By Mohammad Salem and Nidal al-Mughrabi
RAFAH, Gaza Strip/DOHA (Reuters) -The Abu Mustafa family’s tent is hard against the high concrete and metal fence separating Gaza from Egypt in Rafah, the last relatively safe place in an enclave devastated by Israel’s military offensive, but one that may now also come under attack.
The family is among more than a million Palestinians now crammed into the area around Rafah and fearing they have nowhere left to flee inside a tiny strip largely reduced to rubble and where fighting still rages.
“Every day, we’re on the run. Being displaced is tough because I have two daughters with disabilities. I can’t carry them around. I don’t have a car or a cart,” said Laila Abu Mustafa.
“If there will be more displacement, I’m not moving,” she said.
Israeli Prime Minister Benjamin Netanyahu has ordered an evacuation plan for the civilians who crowd Rafah, camping in streets and empty lots, on the beach and like the Abu Mustafa family on the sandy strip along the Egyptian border.
In a call, U.S. President Joe Biden told Netanyahu that Israel should not proceed with a military operation in Rafah without a plan to ensure the safety of people sheltering there, the White House said.
The call came days after Biden said Israel’s response in Gaza was “over the top”.
A senior Biden administration official said negotiators working on a deal to release the remaining hostages held by Hamas had made “real progress” over the last few weeks.
There were still some “significant” gaps to close, the official said, but added: “It’s pretty much there.”
Before previous assaults on Gaza cities, Israel’s military has ordered civilians to leave without preparing any specific evacuation plan. Aid agencies say an assault on Rafah would be catastrophic.
The war began on Oct. 7 when Hamas stormed the border fence with Israel, sending in fighters who killed 1,200 people, mostly civilians, and seized about 250 hostages, according to Israeli tallies.
Four months later, Gaza is in ruins. Under a massive daily bombardment, Israeli forces have overrun most of the enclave, smashing houses, public buildings and infrastructure with air raids, artillery fire and controlled detonations.
Palestinian health authorities say more than 28,000 people have been killed. More than 85% of Gazans are homeless. A U.N. survey found that nearly one in 10 children under five are acutely malnourished.
Efforts to finalise a deal on a ceasefire have so far failed to bring an agreement. Last week Israel rejected a Hamas proposal, saying it would not stop fighting while the group retained brigades that Israel says are hiding in Rafah.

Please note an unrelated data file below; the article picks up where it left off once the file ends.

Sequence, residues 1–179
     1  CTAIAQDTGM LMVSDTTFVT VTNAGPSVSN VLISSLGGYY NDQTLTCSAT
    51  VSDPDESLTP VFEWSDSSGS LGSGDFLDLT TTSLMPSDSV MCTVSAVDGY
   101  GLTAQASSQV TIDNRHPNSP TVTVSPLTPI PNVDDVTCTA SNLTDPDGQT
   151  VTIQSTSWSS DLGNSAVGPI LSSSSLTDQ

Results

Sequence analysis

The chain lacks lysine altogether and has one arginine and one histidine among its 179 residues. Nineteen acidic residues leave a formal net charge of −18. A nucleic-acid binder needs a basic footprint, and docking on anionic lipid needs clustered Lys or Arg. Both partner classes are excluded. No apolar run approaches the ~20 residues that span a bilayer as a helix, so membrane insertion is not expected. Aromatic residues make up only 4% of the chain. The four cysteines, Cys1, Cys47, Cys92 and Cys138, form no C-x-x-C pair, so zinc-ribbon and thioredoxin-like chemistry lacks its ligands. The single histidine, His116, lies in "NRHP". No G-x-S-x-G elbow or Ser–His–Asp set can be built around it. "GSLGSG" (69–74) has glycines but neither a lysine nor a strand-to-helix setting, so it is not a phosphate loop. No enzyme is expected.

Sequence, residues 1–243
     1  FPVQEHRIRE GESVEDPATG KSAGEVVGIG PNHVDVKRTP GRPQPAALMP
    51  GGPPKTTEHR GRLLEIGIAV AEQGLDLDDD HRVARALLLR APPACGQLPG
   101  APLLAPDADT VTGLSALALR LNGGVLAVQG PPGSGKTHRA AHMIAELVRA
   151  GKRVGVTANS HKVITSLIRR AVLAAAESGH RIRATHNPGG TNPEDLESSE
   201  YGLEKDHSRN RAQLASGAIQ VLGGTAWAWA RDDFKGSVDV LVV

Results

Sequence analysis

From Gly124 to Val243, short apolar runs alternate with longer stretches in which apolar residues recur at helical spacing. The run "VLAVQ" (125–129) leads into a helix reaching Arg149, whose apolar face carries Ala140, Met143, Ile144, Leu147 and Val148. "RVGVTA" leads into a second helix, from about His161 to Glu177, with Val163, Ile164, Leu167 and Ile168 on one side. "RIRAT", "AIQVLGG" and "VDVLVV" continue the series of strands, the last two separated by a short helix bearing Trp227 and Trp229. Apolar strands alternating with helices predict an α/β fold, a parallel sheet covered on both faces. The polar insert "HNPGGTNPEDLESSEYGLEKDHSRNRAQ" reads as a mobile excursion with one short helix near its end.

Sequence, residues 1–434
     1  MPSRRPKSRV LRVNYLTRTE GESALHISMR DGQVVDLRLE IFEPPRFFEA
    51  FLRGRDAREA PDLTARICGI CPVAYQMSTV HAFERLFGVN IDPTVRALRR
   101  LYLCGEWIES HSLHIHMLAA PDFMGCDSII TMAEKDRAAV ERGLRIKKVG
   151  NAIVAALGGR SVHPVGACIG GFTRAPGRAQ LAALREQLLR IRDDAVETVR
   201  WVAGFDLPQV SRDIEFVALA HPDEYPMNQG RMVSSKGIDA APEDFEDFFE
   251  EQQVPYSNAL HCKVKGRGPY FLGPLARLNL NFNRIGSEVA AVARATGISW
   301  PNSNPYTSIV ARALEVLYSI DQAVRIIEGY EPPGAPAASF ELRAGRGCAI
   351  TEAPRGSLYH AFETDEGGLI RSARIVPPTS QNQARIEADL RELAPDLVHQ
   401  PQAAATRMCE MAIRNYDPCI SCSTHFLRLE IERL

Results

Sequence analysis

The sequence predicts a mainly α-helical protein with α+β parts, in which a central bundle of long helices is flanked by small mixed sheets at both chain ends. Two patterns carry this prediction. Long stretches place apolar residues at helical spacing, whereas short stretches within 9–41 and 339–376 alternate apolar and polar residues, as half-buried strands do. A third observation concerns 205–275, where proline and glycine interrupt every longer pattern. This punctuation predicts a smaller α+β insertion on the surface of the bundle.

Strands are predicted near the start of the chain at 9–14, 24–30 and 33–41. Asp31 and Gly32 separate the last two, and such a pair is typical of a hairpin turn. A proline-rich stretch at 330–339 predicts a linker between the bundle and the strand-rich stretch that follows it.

Egyptian security sources said more high-level talks were planned for Tuesday with senior officials from Qatar and the United States to attend, as well as Israeli and Palestinian delegations.
Israeli air raids have started targeting Rafah over recent days.
On Sunday, Hamas said Israeli air raids in the Gaza Strip over the previous four days had killed two hostages and injured eight others.
The group said any Israeli assault on Rafah would “blow up” the discussions for a deal to free the remaining hostages.
EVACUATION PLAN FOR CIVILIANS
In an interview aired on U.S. network ABC on Sunday, Netanyahu reiterated that Israeli forces would assault Rafah but were preparing “a detailed plan” for where civilians there could go.
“We’re going to do it. We’re going to get the remaining Hamas terrorist battalions in Rafah,” he said, adding: “We’re going to do it while providing safe passage for the civilian population”.
Netanyahu cast doubt on the accuracy of the Palestinian death toll, describing the figures produced by health authorities in Hamas-run Gaza as “Hamas statistics”.
“It’s only been one civilian that’s been killed for one Hamas terrorist in Gaza,” he said.
“We’ve killed or wounded around 20,000 Hamas terrorists; out of that, 12,000 fighters” he said without explaining further.
Palestinian health authorities say around 70% of people killed in Gaza are women or children under 18. The Israeli military said in a briefing in December that they thought roughly two civilians had been killed in Gaza for each dead Hamas combatant.
The World Health Organization has described the Palestinian Health Ministry system for reporting casualties as “very good” and U.N. agencies regularly cite its death toll figures.
Against the border fence, topped with barbed wire, the Abu Mustafa family hangs laundry between tents. They cook what little food they can gather in tin cans over a fire in the sand.
Fear of an assault on Rafah is the constant subject of every conversation in the crammed city, said Mariam, who fled her home in Gaza City early in the war with her three children aged 5, 7 and 9.
“I can’t describe how we feel. There is turmoil in my head. My children keep asking me when Israel will invade Rafah and where we will go and if we will die. And I don’t have the answers,” she said.
(Reporting by Mohammad Salem in Rafah, Nidal al-Mughrabi in Doha, Dan Williams in Jerusalem, Ahmed Mohamed Hassan in Cairo and Leah Douglas and Jasper WardWriting by Angus McDowall and Giles ElgoodEditing by Sharon Singleton, Frances Kerry and Hugh Lawson)